There comes a point in every kid’s life when the freedom of wearing clothes that express how they feel in the moment – whether it be sparkly butterfly wings, a cowboy hat, or mismatched socks – gives way to the pressure of wanting to look like everyone else in their peer group. Clothes are among the key signifiers of class and culture, and for preteens that reality is often reflected in the uniformity of popular mall fashions and their idols-of-the-moment, currently led by celebrities named Kylie.
Thank God for books like Jennifer Croll’s Bad Girls of Fashion: Style Rebels from Cleopatra to Lady Gaga, in which Croll profiles 43 women who have proven that – popular fashion be damned – clothes are important and, at times, even revolutionary. Croll is a Vancouver writer and editor whose first book, Fashion That Changed the World, examined historical moments in style for adult readers. In this book for a younger audience, she broadly defines “bad girls” as women who dress to “shake things up” – whether to change opinions, gain personal power, or express individual creativity.
Bad Girls devotes chapters to 10 fashion renegades, including Cleopatra, deemed the “fashion leader”; Coco Chanel, the “modernizer”; Frida Kahlo, “artist”; and Lady Gaga, “freak.” Shorter profiles spotlight an eclectic group of women, including Black Panther activist Angela Davis, artist Cindy Sherman, designer Rei Kawakubo, and performers Björk and Nicki Minaj. Croll presents each woman’s contributions without judgment of their personal legacies, giving space to controversial characters such as Imelda Marcos – not exactly a positive role model – alongside tastemaking Vogue editor Anna Wintour and riot grrrl Kathleen Hanna. It’s a slightly jarring juxtaposition, but it fits within a definition of bad girls as those willing to take risks to get exactly what they want.
There are also straightforward mentions of sexual power in reference to stars such as Rihanna, Marlene Dietrich, and Marilyn Monroe, but it would be impossible to discuss the influence of their styles on pop culture without the topic coming up. This isn’t a bad thing: in a world where young women are bombarded with sexualized, often exploitative imagery, the book’s realistic acknowledgement of the connection between sex and fashion could potentially be used to launch a broader, healthy conversation on the topic.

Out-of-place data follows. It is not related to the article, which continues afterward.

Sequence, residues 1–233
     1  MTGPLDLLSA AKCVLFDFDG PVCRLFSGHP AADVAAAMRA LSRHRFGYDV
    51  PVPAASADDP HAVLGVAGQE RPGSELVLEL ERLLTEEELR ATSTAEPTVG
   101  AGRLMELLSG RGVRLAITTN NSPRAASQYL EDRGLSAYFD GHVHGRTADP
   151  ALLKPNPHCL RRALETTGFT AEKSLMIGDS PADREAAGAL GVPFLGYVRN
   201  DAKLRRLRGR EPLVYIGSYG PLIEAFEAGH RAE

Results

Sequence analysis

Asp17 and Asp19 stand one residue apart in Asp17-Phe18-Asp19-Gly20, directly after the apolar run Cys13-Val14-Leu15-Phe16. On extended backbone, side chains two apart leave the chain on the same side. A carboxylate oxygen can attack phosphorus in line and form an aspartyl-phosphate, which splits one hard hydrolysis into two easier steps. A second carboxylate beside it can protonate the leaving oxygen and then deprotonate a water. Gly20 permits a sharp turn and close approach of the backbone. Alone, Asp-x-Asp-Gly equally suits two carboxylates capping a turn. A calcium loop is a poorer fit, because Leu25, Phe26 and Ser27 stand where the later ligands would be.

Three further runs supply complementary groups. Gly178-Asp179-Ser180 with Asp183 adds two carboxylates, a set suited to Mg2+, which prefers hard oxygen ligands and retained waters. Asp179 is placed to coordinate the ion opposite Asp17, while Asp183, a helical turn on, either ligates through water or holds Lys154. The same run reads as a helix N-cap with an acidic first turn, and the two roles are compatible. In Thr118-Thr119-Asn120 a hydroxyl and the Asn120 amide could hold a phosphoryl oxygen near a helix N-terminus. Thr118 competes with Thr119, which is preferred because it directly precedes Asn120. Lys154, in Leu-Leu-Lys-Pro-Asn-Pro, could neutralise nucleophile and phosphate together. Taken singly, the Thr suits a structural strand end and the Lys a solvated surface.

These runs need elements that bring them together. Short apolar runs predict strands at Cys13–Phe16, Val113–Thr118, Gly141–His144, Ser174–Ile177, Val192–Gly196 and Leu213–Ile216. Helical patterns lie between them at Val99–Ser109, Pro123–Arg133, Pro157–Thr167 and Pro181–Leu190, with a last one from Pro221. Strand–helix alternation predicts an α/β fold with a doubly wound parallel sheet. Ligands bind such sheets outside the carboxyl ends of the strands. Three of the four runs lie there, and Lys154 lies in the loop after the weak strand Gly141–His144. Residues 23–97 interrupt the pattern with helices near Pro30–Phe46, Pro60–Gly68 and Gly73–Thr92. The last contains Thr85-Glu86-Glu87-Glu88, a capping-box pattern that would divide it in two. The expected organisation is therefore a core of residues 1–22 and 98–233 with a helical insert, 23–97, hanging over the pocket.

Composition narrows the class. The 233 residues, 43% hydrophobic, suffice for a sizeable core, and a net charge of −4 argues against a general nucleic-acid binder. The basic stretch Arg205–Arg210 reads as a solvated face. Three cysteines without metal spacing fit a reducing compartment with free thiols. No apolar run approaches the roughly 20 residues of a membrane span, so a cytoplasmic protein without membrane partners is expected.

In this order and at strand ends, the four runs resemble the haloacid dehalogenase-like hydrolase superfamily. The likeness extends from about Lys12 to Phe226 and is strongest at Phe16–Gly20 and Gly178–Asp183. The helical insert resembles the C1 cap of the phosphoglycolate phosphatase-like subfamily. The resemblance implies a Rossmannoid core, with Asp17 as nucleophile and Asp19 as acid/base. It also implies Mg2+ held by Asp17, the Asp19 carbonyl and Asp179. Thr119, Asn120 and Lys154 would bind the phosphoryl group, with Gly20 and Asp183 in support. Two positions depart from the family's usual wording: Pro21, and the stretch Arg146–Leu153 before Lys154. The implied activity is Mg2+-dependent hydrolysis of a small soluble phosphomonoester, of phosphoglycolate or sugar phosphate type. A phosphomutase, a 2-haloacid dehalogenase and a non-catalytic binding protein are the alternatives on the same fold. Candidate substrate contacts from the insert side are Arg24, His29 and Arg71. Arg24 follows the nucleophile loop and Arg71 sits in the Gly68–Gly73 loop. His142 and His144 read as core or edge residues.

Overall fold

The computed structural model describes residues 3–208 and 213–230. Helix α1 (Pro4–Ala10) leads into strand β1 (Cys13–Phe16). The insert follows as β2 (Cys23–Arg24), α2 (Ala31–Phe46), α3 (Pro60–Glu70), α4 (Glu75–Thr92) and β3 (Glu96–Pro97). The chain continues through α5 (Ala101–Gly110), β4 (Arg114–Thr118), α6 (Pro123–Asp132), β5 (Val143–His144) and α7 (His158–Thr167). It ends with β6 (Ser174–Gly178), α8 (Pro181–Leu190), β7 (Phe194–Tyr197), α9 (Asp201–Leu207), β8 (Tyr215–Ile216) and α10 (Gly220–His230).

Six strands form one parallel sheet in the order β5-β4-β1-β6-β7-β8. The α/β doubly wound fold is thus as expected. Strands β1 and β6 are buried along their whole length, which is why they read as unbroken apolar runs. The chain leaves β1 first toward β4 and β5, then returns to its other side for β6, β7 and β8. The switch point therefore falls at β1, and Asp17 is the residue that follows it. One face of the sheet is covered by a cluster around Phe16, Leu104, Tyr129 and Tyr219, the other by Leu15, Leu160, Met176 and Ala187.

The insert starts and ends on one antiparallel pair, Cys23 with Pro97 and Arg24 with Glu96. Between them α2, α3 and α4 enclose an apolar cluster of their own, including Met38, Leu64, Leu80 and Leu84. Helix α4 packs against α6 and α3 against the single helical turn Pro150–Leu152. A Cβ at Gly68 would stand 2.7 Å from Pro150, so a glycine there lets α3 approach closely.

While society now openly accepts that organic, locally grown food is better for the environment and our health, we’ve been slower to accept the same philosophy when it comes to what we wear. Despite the horrific factory fires in Bangladesh, fast fashion still reigns, with much of it targeted at teenagers making their first independent clothing purchases.
The profiles are accompanied by plenty of photographs and fun, original illustrations by Polish artist Ada Buchholc, whose choice of bright colours, strong lines, and whimsical scenarios recalls Patrick Nagel’s 1980s album cover art for Duran Duran, pop art, and vintage movie posters. Buchholc’s acid colour palette creates a joyful, almost tongue-in-cheek mood, and gives the book its scrapbook feel.
Flashy clothes and colours aside, there is also a serious undercurrent to the book. Beyond introducing young readers to the political activism of Pussy Riot and equality movements such as riot grrrl and black power, Bad Girls demonstrates that style does not require a conventional beauty or body type – or a full wallet. It might also give added courage to those who are already making unconventional style choices. After all, long before she became an internationally known fashion icon, publisher, and actor, Tavi Gevinson (also profiled) was just a quirky kid with a penchant for vintage clothing and purple hair dye.